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Settlement in Yahoo data breach leaves company to pay $50M

News roundup: The Yahoo data breach will cost the company another $50 million in a settlement deal. Plus, Check Point acquired cloud security company Dome9, and more.

Yahoo has agreed to pay $50 million in damages and provide two years of free credit monitoring as restitution for...

its 2013 data breach that affected millions of people and exposed billions of accounts.

This settlement is the result of a lawsuit filed two years ago with the federal courts in response to the Yahoo data breach that spanned from 2013 to 2014, but wasn't disclosed until 2016.

The Yahoo data breach is still the largest breach on record, affecting 3 billion accounts and 200 million people worldwide. The breach exposed the names, email addresses, physical addresses, birthdates and phone numbers of Yahoo users across the globe.

Yahoo is now part of Verizon and is overseen by the telecom's subsidiary Oath. When the Yahoo data breach was revealed during the acquisition process, the buying price was decreased by $350 million. Verizon, as the parent company, will pay for half of the Yahoo settlement, and the other half will be paid by Altaba Inc., the holding company that was set up to hold Yahoo's Asian assets and investments.

In April, Altaba paid the $35 million fine that the Securities and Exchange Commission imposed on Yahoo for not notifying the public about the breach in a timely manner.

The $50 million Yahoo agreed to pay on Monday will fund compensation efforts for small businesses and individuals that incurred costs as a result of the Yahoo data breach, such as identity theft. It will compensate account holders affected by the breach with $25 per hour for the time spent dealing with the breach. Users who paid for a premium Yahoo account will be eligible for a 25% refund.

Yahoo will also cover the costs of free credit monitoring services from the company AllClear ID for two years.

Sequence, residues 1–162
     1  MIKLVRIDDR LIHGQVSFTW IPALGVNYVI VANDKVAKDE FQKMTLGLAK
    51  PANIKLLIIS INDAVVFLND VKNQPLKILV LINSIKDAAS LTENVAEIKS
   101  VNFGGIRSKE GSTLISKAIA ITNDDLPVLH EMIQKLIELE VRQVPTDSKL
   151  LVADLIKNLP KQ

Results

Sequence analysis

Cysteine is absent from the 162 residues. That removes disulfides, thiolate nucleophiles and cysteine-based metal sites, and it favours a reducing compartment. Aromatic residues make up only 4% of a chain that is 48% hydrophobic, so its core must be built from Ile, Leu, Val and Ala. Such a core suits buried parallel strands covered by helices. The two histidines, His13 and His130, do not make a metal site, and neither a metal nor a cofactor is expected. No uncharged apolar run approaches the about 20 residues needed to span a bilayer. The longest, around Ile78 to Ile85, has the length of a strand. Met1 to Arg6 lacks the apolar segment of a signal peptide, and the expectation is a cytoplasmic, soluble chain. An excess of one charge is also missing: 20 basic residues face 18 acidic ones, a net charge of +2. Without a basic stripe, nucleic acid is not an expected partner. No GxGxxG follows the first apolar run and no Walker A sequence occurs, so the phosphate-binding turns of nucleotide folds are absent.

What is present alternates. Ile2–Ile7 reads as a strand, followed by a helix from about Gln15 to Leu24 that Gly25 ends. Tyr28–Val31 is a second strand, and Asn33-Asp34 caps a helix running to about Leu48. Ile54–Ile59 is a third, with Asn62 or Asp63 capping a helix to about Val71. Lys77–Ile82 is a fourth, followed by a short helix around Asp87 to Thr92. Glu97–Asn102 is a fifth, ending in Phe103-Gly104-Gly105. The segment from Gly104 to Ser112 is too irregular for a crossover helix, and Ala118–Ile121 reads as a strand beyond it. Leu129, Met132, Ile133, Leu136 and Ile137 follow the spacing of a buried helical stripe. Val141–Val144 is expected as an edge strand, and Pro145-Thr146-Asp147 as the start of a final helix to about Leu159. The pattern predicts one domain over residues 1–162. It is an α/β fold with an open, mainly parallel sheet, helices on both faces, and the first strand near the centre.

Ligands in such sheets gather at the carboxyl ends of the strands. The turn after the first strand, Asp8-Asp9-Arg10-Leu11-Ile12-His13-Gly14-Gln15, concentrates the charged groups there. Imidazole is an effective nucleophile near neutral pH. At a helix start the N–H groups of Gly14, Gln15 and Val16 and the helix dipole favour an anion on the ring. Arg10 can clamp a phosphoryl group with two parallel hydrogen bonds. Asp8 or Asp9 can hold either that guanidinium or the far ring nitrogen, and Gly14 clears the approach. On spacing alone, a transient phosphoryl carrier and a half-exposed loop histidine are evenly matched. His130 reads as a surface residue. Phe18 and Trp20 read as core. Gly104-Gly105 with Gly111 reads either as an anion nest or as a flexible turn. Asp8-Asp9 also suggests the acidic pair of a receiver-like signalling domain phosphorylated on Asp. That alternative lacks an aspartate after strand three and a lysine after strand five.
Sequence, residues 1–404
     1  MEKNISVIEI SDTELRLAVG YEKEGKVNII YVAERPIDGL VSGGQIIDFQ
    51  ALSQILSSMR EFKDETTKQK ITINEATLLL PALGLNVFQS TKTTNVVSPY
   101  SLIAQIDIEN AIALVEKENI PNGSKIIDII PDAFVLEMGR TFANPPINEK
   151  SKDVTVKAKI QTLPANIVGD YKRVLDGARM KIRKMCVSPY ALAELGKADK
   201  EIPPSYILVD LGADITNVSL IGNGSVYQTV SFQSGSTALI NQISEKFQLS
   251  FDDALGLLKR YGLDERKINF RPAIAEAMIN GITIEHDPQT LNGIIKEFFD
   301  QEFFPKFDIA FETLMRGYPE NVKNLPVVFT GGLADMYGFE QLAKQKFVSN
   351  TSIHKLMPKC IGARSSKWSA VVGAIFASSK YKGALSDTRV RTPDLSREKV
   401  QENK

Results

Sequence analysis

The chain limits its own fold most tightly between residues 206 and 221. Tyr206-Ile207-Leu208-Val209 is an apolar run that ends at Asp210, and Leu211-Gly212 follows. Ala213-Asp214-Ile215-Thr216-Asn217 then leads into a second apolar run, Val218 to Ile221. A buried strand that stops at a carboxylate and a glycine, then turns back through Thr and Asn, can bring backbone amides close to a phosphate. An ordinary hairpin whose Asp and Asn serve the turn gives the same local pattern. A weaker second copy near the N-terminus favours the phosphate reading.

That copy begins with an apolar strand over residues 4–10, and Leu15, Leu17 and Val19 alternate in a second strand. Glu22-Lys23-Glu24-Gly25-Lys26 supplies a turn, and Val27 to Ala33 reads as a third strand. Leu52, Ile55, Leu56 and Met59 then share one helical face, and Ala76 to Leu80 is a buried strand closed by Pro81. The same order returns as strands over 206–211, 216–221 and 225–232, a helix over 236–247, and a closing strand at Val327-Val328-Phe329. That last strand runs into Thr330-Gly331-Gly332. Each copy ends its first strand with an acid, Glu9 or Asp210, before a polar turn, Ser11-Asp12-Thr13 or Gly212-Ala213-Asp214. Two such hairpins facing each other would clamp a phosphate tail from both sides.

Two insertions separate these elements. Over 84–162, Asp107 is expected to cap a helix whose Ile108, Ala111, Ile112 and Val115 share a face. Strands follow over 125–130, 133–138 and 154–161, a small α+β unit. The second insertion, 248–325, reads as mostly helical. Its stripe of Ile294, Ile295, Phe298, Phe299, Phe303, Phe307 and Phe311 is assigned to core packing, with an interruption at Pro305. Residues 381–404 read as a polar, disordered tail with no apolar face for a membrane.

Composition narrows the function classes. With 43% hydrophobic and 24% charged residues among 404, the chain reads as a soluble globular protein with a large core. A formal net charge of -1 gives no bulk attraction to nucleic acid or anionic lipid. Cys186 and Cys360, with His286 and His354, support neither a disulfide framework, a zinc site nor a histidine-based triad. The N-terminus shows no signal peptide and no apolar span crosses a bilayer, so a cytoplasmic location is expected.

A federal judge still needs to approve the settlement agreement, and a hearing is set with U.S. District Judge Lucy Koh on Nov. 29 in San Jose, Calif.

In other news:

  • Security company Check Point Software is buying cloud security startup Dome9. The acquisition will help Check Point bolster its cloud security offerings, as Dome9 enables the adoption of public cloud services on multi-cloud environments. Dome9 helps secure applications running in cloud environments, including AWS, Microsoft Azure and Google Cloud Platform. "This acquisition strengthens Check Point's position as a global leader in cloud security, enhances Check Point's Infinity architecture, and the products join the Check Point CloudGuard family of Cloud Security products," the company wrote in the acquisition announcement. Dome9 has cloud security management, multi-cloud protection, remediation, identity and access management, network visualization, compliance, and enterprise governance capabilities in its arsenal.
  • The U.K.'s Information Commissioner's Office (ICO) is fining Facebook 500,000 euros -- approximately $644,000 -- for failing to protect user's personal data during the Cambridge Analytica scandal. The fine is the maximum possible fine in the U.K. and was calculated using the 1998 Data Protection Act. The trouble Facebook ran into with Cambridge Analytica earlier in 2018 was an exposure of up to 87 million users whose personal information was harvested by the now-shutdown firm for use by political campaigns leading up to the 2016 U.S. presidential election and U.K. referendum on Brexit. The ICO has been investigating Cambridge Analytica since the scandal broke. And while the fine is the maximum possible under the 1998 Data Protection Act, it could have been significantly higher -- closer to $22 million -- under GDPR.
  • Ron Wyden (D-Ore.) has urged the U.S. Department of Homeland Security to adopt new encryption technologies to stop foreign hackers from having too much insight into the internet activity of Americans. In a letter to DHS Under Secretary for National Protection and Programs Christopher Krebs, Wyden urged DHS to "protect web browsing information about Americans, including U.S. government employees. Metadata revealing specific website visits is currently transmitted over the internet without encryption, leaving it vulnerable to interception and tampering by foreign hackers and cyber criminals." Wyden asked that companies with federal contracts be required to use DNS over HTTPS or DNS over TLS to encrypt the metadata, as well as use Encrypted Server Name Indication. Wyden gave DHS 60 days to respond to his requests.

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